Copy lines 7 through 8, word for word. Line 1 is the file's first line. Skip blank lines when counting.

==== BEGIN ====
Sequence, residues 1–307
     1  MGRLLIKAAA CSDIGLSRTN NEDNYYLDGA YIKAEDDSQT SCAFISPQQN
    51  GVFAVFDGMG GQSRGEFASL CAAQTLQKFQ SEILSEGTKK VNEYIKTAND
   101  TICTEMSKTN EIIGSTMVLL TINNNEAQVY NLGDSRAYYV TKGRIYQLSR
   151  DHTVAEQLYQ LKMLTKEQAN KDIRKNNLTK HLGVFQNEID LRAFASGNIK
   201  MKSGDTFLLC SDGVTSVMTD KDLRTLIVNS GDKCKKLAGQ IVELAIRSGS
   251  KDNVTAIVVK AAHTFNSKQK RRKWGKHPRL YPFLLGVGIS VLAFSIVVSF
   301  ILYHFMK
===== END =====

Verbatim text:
   251  KDNVTAIVVK AAHTFNSKQK RRKWGKHPRL YPFLLGVGIS VLAFSIVVSF
   301  ILYHFMK